FAHY, Circuit Judge (dissenting):


I would affirm the Tax Court, whose decision accords with Krichbaum v. United States, 138 F.Supp. 515 (E.D. Tenn.).


Admittedly, all along, taxpayer was an employee of the United States, in an excepted position,1 and admittedly he could look only to the United States for payment of his salary. But the provision of the tax statute now construed looks to the "source" of the income to be exempted, not to the employer-employee relationship. The provision must be construed in conjunction with the Export-Import Bank Act of 19452 and the Mutual Security Act of 1954.3 Under those Acts certain financial arrangements were made between the United States and Iran, as a result of which Iran and not the United States bore the burden of taxpayer's salary while he was on loan to Iran. Except in the formal sense that his salary was remitted to him by check of the United States it was paid by Iran. The payment, though at times referred to as reimbursement, was from a deposit of funds Iran made with the United States as now explained.


Iran had entered into a loan agreement with the Export-Import Bank of Washington. A maximum line of credit of $5,000,000 was established with the Bank. The agreement provided for loan to Iran of employees of the Bureau of Public Roads. It was pursuant to this that respondent husband, an employee of the Bureau, was loaned to Iran. The agreement further provided that compensation of such personnel would be paid or reimbursed out of the "Dollar Working Fund" established under the agreement and actually on deposit with the United States Treasury Department as a trust fund entitled "Technical Assistance, United States Dollars Advanced from Foreign Government, Bureau of Public Roads." Initially $200,000 was placed in the Dollar Working Fund. The agreement provided that the Fund should be replenished by Iran from time to time at the request of the Bureau, and the parties have stipulated that such funds "have been advanced by foreign governments, as a general rule, prior to the actual expenditure of moneys by the United States." It would appear the requisite deposit by Iran preceded the payment of Wolfe's salary; but even if there were a temporary time lapse this would have no significance. For taxpayer's salary here involved came out of a fund established by Iran in the manner described. It was not paid out of any money belonging to the United States. As the Tax Court found,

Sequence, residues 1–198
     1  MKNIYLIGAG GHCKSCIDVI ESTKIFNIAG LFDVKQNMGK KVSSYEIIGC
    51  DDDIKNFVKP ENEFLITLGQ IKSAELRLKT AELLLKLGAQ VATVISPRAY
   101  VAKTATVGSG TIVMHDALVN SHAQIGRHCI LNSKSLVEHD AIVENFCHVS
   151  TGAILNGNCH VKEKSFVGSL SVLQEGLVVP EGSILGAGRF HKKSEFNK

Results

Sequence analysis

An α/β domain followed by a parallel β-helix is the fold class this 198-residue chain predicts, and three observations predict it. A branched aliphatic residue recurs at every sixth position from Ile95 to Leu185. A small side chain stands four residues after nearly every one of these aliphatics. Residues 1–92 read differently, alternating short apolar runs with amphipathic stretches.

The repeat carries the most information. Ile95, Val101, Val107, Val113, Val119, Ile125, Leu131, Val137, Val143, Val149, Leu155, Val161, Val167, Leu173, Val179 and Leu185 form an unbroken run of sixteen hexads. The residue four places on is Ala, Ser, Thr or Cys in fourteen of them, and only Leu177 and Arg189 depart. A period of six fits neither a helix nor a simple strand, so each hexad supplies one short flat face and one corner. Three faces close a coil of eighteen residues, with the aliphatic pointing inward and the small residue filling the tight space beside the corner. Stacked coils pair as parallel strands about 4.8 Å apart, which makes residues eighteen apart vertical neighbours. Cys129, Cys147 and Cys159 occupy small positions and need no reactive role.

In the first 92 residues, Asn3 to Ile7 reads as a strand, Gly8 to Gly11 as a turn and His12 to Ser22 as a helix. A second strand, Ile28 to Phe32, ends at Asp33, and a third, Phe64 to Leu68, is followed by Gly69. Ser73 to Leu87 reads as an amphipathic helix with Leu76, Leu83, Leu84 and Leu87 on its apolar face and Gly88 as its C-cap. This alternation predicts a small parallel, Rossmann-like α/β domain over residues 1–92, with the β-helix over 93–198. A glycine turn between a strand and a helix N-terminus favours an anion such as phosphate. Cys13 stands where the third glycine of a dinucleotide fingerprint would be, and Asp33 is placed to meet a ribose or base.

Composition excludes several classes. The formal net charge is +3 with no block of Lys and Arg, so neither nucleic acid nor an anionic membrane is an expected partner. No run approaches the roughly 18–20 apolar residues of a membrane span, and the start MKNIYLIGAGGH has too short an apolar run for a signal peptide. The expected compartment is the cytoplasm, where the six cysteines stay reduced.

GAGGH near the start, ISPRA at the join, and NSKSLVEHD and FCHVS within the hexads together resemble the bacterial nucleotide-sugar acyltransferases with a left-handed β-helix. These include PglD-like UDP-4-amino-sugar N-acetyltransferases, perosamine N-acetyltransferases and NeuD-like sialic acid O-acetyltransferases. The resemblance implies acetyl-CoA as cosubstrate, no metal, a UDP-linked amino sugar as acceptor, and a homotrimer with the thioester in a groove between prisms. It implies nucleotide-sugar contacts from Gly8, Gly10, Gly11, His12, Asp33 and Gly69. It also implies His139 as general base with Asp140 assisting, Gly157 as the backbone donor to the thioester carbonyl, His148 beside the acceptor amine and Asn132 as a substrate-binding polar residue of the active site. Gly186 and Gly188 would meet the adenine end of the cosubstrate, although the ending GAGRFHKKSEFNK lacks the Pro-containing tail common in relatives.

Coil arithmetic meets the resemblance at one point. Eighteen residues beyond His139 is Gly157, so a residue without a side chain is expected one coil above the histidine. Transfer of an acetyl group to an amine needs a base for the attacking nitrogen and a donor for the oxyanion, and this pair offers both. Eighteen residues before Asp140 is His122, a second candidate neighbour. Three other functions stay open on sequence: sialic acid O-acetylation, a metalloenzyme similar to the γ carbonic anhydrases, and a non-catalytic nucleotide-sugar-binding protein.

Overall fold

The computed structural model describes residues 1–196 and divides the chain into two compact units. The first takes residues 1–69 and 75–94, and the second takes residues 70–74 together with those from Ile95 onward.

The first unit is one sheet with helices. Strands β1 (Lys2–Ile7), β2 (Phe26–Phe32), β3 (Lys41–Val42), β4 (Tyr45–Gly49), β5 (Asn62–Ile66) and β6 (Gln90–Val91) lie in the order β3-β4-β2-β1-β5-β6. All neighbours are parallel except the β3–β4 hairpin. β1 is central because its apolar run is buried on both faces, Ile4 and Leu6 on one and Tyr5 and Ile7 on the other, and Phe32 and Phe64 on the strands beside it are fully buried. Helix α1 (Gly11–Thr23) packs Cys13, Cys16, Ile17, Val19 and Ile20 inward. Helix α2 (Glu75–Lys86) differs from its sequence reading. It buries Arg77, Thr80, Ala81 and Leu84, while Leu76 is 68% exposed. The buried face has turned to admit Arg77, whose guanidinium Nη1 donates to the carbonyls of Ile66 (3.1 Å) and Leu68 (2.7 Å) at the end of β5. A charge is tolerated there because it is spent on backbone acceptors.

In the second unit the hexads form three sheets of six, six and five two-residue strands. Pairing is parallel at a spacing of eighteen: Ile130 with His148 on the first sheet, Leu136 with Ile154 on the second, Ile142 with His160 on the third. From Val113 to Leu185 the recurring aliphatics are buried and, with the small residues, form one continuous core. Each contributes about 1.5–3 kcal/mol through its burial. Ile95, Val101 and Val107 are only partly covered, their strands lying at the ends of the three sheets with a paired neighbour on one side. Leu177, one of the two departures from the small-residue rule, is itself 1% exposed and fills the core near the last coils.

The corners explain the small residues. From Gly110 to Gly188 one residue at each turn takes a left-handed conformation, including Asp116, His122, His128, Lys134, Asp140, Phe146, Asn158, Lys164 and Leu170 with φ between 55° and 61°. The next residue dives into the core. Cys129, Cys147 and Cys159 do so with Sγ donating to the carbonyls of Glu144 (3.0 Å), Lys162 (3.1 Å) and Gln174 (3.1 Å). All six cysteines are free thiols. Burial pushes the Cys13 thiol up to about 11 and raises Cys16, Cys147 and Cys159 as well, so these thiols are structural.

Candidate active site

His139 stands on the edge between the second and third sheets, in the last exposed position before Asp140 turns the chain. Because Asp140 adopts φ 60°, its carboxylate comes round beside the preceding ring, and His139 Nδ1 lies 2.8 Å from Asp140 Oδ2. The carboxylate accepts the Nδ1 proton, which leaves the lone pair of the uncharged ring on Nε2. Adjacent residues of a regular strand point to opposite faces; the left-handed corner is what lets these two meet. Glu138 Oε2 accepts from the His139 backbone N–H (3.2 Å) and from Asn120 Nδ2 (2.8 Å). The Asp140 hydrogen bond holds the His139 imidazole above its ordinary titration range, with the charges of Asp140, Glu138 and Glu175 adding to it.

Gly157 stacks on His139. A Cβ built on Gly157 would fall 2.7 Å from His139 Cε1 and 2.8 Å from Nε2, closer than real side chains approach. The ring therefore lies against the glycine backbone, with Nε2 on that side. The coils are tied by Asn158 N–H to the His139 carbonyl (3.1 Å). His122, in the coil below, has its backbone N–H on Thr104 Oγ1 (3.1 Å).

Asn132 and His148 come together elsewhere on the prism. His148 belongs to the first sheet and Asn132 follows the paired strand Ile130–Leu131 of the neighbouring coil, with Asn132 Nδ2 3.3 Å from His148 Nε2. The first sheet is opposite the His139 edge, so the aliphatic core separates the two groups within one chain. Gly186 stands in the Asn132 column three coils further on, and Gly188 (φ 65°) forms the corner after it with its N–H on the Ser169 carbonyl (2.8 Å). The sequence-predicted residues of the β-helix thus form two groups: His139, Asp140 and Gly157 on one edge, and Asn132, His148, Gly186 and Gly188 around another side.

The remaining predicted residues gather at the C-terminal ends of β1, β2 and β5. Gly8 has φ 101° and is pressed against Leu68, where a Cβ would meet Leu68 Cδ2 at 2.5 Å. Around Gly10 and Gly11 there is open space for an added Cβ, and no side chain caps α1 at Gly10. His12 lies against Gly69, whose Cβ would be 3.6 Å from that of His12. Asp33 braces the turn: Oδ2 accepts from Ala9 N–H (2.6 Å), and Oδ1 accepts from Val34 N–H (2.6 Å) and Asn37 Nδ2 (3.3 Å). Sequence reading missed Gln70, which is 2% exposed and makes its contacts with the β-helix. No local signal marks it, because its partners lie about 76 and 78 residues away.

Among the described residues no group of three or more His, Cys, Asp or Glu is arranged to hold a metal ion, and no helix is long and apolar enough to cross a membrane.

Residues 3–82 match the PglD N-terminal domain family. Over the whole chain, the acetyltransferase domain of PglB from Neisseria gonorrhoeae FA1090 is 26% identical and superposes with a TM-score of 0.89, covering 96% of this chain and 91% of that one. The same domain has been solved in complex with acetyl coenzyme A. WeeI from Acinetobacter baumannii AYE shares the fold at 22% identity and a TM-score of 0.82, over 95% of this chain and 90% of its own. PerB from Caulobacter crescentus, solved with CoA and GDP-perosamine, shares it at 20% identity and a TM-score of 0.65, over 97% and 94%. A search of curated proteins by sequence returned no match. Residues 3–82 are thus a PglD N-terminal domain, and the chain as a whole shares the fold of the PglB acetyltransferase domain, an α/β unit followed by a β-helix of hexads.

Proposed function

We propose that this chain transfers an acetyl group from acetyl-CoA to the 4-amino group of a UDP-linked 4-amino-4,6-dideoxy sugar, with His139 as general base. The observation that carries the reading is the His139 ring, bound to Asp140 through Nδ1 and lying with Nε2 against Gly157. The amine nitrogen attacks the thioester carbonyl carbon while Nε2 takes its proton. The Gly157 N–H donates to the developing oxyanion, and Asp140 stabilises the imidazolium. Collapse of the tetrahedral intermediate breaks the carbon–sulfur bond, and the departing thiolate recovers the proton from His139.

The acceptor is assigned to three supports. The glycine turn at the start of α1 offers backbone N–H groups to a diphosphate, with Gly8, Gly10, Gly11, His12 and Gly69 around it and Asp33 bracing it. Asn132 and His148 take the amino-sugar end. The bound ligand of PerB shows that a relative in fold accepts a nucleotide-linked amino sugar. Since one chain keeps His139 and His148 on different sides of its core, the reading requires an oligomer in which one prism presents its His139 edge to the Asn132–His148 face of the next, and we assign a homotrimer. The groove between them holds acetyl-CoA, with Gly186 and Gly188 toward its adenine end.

Salaries paid to Bureau of Public Roads personnel, including taxpayer, who was assigned to the Iran Division throughout 1959 and through July 10, 1960, were either reimbursed from or were directly charged against the Treasury account "Dollar Working Fund" previously mentioned. This trust fund was not physically segregated in any way. Thus taxpayer was paid by a check drawn by the Treasurer of the United States on proceeds of this Dollar Working Fund. The funds credited to this Treasury account were not appropriated by Congress for salary expenses for Bureau of Public Roads personnel, but were funds provided by the Imperial Government of Iran.


Consideration of the objectives of the provisions under which American personnel are obtained by foreign governments supports the view that the salary was tax exempt as paid by Iran. The statutes under which the monetary loan to Iran was made and personnel obtained, set forth the objectives to be in part "to aid in financing and to facilitate exports and imports and the exchange of commodities between the United States * * and any foreign country or the agencies or nationals thereof. * * *"4 Under the agreement with Iran, in addition to loan of men, the funds borrowed were to be expended mainly in the United States in the purchase of equipment and the like. This is an immediate and measurable benefit to the economy of the United States. The loan of the men, however, was intended to have a long range effect on our economy by putting Iran in a better position to engage in foreign commerce through improved internal transportation. These benefits to the United States are achieved without reference to whether appellee's salary is taxed by the United States.